NGDP level targeting and the Fed’s mandate

Renee Haltom has an interesting article in the recent edition of Richmond’s Fed’s magazine Region Focus on “Would a LITTLE inflation produce a BIGGER recover?”.

Renee among other things discusses NGDP targeting – it is unclear from the article whether it is a reference to growth or level targeting and somewhat surprisingly Market Monetarists such as Scott Sumner is not mentioned in the discussion. Rather Renee Haltom has interviewed Bennett McCallum. Professor McCallum is of course the grandfather of Market Monetarism so Renee is forgiven for not mentioning Scott.

What I found most interesting in Renee’s discussion was actually the relationship between NGDP targeting and the Fed’s legal mandate:

“NGDP is everything that is produced times the current prices people pay for it. It is similar to “real” GDP, the measure of economic growth reported in the news, except NGDP isn’t adjusted for inflation. One appeal is that growth in NGDP is the sum of exactly two things: inflation and the growth rate of real GDP (the amount of actual goods and services produced). Thus, it captures both sides of the Fed’s mandate in a single variable.”

So what Renee is basically suggesting is a that NGDP targeting would be fully comparable with the Federal Reserve’s mandate – to ensure price stability as well as to maximize employment. Unlike Scott Sumner I don’t think the Fed’s mandate is meaningful. The Fed should not try to maximize employment. In the long run employment is determined by factors completely outside of the Fed’s control. In the long run unemployment is determined by supply factors. In my view the only task of the Fed should be to ensure nominal stability and monetary neutrality (not distort relative prices) and the best way to do that is through a NGDP level target. However, lets play along and say that the Fed’s mandate is meaningful.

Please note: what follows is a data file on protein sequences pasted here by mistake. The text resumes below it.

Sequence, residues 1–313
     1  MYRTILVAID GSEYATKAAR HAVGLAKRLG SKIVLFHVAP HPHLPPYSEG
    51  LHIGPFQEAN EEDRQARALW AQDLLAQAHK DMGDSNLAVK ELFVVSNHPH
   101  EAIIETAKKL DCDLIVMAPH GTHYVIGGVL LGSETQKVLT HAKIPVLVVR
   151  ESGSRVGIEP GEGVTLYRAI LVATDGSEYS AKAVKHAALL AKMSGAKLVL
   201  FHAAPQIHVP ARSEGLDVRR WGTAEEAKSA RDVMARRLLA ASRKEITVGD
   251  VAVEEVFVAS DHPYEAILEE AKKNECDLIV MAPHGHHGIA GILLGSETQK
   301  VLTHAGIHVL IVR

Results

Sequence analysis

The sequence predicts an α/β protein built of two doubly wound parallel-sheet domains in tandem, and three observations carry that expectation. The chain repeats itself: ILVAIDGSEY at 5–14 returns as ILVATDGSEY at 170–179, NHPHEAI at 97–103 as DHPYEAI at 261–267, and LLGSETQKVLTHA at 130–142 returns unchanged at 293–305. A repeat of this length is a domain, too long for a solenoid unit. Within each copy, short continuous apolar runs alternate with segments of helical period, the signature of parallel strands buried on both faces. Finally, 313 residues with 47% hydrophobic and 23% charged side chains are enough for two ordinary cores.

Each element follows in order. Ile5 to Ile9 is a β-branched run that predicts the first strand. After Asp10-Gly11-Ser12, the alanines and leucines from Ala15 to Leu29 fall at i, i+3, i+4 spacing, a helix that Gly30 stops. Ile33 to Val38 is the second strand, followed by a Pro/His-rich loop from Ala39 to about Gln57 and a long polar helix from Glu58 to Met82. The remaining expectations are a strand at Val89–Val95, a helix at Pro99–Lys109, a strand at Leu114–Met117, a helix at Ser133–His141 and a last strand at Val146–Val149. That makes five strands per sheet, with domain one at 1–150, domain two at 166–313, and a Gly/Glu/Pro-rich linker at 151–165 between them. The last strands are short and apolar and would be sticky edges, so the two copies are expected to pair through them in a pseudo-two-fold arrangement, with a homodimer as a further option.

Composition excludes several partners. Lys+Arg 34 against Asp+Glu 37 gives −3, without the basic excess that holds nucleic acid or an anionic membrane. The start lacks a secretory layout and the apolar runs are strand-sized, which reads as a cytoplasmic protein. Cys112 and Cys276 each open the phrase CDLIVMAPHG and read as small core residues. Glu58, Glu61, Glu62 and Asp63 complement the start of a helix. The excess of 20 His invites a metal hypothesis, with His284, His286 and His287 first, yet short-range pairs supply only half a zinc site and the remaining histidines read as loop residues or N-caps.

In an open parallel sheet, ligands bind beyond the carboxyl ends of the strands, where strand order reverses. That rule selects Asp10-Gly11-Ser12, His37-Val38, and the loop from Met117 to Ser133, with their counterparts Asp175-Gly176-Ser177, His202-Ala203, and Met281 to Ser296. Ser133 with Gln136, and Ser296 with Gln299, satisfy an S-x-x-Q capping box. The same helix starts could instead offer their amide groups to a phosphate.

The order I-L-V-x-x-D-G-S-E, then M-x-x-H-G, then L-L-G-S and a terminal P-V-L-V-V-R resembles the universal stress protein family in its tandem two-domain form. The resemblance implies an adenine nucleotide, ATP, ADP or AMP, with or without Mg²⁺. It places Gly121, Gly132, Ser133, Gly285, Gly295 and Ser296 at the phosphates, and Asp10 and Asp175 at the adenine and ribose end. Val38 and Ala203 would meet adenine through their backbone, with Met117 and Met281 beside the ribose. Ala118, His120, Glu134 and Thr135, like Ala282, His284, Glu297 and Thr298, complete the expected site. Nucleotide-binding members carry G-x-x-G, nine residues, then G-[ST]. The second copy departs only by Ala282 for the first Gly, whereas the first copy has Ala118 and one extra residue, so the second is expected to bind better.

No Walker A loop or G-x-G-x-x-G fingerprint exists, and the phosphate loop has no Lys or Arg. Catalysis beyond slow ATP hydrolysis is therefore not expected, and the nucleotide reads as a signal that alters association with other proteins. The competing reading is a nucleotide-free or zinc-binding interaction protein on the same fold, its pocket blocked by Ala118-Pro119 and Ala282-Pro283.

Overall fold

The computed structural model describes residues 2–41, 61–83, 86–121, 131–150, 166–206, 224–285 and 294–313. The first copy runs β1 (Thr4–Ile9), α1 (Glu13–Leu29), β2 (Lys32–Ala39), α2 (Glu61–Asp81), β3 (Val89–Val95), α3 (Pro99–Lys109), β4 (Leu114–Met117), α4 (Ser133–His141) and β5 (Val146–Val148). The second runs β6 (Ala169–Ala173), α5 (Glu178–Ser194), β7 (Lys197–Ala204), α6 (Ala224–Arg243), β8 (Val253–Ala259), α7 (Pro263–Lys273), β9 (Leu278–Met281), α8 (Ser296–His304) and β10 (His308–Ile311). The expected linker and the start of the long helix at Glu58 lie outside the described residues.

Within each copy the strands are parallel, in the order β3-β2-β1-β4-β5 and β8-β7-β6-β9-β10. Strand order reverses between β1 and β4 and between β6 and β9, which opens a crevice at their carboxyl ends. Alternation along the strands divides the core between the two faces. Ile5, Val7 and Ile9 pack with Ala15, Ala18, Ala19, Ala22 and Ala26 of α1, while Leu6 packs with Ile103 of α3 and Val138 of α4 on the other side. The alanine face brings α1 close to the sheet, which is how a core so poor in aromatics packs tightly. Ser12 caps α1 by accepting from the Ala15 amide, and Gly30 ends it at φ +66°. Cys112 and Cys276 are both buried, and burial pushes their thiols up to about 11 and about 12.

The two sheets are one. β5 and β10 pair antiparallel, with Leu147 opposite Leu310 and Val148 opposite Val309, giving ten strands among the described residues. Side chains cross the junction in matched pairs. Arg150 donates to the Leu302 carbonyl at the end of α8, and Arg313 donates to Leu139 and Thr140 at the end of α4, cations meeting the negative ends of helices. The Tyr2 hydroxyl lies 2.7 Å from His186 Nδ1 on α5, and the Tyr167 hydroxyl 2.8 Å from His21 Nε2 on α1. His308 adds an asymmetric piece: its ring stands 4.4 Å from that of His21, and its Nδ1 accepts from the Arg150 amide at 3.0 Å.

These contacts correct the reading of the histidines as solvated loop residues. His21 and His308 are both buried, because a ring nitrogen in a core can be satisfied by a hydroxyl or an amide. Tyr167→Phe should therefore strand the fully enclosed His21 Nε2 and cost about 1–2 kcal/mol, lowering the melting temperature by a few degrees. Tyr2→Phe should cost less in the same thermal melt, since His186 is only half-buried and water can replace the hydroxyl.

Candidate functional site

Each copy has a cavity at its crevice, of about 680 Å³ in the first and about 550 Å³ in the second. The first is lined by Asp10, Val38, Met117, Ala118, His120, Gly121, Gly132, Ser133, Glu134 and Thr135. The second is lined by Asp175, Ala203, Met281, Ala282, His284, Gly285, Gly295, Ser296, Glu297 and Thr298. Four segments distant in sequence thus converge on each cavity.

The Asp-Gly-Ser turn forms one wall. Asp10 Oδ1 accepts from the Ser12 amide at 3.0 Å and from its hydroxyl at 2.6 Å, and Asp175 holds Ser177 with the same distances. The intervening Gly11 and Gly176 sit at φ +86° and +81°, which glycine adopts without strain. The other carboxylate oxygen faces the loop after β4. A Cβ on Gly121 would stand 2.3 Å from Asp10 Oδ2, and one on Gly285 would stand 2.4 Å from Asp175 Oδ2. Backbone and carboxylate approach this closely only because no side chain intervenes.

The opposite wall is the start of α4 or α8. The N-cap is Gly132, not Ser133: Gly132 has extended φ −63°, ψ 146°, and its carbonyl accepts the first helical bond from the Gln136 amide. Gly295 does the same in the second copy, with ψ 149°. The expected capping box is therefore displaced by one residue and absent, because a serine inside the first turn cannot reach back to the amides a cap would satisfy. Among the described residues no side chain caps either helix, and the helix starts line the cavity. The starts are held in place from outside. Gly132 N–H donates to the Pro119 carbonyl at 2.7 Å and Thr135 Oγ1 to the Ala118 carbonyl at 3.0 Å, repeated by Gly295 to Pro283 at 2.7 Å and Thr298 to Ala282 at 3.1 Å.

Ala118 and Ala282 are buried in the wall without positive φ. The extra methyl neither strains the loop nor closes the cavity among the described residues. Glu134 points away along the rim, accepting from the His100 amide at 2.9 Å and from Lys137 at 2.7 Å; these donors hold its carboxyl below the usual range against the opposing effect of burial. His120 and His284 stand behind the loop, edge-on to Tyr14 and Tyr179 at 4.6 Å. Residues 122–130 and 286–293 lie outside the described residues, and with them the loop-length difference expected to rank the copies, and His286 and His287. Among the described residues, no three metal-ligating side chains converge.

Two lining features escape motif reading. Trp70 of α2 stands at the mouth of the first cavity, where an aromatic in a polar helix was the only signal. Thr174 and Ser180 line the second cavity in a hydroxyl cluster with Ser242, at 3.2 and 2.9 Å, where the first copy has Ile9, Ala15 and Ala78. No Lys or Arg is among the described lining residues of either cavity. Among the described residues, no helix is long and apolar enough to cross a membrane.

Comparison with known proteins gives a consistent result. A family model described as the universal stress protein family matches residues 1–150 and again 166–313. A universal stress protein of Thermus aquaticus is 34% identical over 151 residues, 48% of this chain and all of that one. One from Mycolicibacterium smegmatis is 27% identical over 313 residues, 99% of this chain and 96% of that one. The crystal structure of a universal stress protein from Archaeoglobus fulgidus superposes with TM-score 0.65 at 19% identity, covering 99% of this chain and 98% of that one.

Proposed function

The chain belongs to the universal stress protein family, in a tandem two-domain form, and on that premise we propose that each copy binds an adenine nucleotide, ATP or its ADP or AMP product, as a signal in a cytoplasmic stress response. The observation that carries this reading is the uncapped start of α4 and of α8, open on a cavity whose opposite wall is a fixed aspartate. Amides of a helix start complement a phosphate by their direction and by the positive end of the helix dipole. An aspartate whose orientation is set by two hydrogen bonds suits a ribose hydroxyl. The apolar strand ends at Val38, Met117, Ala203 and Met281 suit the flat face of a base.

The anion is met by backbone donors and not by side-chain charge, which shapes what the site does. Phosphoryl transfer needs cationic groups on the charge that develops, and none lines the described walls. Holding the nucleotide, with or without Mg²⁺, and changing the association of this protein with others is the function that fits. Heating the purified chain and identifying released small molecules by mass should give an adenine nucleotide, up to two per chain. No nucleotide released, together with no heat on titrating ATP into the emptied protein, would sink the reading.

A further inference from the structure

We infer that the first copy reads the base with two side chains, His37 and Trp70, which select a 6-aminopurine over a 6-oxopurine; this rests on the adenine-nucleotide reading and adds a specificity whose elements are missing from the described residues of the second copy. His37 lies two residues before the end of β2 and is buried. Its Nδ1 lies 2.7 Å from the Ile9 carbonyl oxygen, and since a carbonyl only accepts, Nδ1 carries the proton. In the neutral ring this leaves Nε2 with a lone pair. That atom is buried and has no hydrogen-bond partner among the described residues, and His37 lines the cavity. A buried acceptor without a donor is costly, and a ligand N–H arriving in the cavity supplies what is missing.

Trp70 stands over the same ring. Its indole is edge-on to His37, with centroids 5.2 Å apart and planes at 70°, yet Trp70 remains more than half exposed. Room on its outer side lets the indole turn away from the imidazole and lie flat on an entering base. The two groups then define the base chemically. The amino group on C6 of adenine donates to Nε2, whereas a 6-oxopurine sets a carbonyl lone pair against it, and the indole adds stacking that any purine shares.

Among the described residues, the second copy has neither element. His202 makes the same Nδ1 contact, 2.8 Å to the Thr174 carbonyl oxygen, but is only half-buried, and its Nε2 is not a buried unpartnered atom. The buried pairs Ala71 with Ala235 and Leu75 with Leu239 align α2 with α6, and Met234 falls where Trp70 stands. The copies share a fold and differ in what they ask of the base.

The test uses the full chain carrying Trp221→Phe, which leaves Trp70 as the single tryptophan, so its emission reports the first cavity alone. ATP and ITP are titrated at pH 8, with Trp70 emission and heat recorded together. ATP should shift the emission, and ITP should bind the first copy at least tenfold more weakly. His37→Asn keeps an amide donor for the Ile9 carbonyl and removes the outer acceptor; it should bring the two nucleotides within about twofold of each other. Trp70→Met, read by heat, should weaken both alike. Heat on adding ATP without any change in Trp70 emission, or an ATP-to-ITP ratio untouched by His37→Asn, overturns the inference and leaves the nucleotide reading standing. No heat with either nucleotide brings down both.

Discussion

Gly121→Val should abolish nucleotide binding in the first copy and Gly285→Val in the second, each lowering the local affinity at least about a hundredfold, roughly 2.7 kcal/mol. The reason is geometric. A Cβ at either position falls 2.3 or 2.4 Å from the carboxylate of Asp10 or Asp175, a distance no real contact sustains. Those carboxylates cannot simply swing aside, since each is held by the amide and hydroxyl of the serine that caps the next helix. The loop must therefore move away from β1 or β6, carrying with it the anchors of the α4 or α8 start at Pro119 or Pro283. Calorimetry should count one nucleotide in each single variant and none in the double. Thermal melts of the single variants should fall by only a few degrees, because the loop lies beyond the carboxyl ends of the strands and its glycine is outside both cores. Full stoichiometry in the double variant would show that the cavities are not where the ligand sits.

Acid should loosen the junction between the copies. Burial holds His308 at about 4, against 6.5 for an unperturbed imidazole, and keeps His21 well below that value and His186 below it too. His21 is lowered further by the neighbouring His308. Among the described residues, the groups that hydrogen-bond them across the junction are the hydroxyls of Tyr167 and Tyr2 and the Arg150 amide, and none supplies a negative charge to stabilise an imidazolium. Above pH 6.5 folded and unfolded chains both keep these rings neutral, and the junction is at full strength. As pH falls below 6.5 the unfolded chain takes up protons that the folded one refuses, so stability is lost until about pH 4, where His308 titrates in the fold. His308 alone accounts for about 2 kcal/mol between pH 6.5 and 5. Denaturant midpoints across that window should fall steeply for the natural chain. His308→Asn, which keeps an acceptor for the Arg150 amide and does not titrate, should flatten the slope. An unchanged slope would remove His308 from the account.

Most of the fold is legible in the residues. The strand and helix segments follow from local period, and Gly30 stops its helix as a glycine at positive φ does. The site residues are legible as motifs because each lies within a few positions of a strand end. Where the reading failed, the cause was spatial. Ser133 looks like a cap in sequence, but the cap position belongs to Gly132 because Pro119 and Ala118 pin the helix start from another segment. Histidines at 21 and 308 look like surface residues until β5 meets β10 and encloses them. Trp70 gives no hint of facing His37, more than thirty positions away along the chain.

In his 2001 paper “U.S. Monetary Policy During the 1990s” Greg Mankiw suggested that Fed’s policy reaction function (for interest rates) could be seen as a function of the rate of unemployment minus core inflation. Lets call this measure Mankiw’s constant. The clever reader will of course notice that we now capture Fed’s mandate in one variable.

The graph below shows Mankiw’s constant and the ‘NGDP gap’ defined as percentage deviation from the trend in nominal GDP from 1990 to 2007 (the Great Moderation period).

The graph is pretty clear – there is a very strong correlation between the Fed’s mandate and NGDP level targeting. If the Fed keeps NGDP on trend then it will also ensure that Mankiw constant in fact would be a constant and fulfill it’s mandate. The graph of course also shows very clearly that the Federal Reserve at the moment is very far from fulfilling its mandate.

Given the very strong correlation between Mankiw’s constant and the NGDP gap it should be pretty easy for the Fed to argue that NGDP level (!) targeting is fully comparable with the Fed’s target. So Ben why are you still waiting?

Leave a comment


  1. On the other hand, pointing out that NGDP level targeting and the current conception of the reaction function are so close also raises the question of what exactly is so special about NGDP level targeting.